What we did to ensure the scalability of the software

  • We opted for microservices architecture
  • Implemented horizontal scalability for load distribution. A new node was added whenever there was too much load on the existing ones. So, whenever CPU usage was exceeding 90% of its capacity and staying there for a specified period of time, a new node would be added to ease the load.
  • We had to deploy relational databases — i.e., SQL and PostgreSQL — for architectural reasons. Even though relational databases are harder to scale, there are still several options. In the beginning, as the user base was still relatively small, we opted for vertical scaling. If the audience grew larger, we were planning on deploying the master-slave approach — distributing the data across several databases.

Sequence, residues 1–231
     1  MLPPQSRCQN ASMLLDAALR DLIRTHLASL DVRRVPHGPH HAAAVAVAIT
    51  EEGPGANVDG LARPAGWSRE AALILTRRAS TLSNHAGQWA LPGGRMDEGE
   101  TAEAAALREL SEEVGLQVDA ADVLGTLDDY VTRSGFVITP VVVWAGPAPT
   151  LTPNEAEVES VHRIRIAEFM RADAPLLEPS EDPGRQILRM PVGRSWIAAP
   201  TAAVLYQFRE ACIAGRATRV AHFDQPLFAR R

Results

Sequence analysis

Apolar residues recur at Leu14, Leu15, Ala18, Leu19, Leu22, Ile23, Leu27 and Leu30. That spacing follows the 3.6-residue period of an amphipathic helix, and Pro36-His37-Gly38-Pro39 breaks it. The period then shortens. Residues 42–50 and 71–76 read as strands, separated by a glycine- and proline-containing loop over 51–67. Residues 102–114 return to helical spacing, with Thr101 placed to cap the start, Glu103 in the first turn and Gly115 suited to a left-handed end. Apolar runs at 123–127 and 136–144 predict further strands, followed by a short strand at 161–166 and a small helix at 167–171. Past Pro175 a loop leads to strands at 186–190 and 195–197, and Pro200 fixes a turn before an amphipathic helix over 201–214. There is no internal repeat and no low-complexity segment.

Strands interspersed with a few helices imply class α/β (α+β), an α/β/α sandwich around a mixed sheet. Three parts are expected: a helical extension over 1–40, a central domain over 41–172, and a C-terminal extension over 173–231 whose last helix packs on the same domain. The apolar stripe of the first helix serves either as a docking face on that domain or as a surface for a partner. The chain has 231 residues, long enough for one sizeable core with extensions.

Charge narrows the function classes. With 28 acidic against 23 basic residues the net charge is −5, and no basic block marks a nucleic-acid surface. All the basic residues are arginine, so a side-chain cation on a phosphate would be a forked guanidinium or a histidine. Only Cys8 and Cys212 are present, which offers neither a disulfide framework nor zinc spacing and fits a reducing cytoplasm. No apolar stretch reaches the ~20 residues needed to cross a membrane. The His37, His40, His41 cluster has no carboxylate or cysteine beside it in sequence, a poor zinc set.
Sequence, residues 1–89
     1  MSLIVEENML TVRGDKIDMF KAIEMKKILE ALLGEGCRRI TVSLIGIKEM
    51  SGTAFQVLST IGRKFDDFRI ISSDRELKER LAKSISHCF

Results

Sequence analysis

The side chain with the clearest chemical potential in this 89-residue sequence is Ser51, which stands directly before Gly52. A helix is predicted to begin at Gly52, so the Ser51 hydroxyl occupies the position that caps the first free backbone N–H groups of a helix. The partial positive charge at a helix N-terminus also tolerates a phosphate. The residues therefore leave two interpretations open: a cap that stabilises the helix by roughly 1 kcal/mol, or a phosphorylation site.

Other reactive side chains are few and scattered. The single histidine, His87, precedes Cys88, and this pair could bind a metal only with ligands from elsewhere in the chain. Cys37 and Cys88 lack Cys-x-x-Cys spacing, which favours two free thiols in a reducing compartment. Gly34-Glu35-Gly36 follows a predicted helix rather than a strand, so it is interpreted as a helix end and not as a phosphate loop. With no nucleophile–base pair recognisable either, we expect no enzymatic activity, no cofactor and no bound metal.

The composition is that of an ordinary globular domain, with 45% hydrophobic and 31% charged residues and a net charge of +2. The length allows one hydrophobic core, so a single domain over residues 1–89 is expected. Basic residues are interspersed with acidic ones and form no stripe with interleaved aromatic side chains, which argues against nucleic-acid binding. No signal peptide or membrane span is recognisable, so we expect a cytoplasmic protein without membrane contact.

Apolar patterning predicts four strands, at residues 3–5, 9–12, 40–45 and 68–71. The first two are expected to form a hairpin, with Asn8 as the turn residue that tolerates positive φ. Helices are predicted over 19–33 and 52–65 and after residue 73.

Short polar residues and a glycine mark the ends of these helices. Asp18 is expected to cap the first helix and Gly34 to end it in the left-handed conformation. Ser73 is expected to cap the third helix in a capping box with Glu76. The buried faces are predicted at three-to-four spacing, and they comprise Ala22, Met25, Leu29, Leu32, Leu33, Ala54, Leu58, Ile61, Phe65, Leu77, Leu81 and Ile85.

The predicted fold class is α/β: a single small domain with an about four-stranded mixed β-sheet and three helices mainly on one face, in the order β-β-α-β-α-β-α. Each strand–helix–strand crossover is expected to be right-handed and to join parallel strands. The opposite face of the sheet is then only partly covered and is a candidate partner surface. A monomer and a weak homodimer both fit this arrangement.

• Extensively benefited from caching as this system contains lots of static information, such as trainers’ names, workout titles, etc.
  • Used RestAPI for asynchronous request processing between the workout app and the server
  • Relied on serverless architecture, such as AWS Lambda, for other types of asynchronous processing. One example is asynchronous video processing. After a trainer loads a new workout video and segments it into different exercises, they press “save,” and the server starts processing this video for HTTP live streaming to construct four versions of the original video with different resolutions. The trainer can upload new videos simultaneously.
  • In another example, the system asynchronously performs smart trimming on user videos to remove any parts where the user was inactive.

Biometrics-based cybersecurity system

Project description

The client wanted to build a cybersecurity platform that enables businesses to authenticate employees, contractors, and other users based on biometrics, and steer clear of passwords and PINs. This platform also would contain a live video tool to remotely confirm user identity.

How we ensured this software was scalable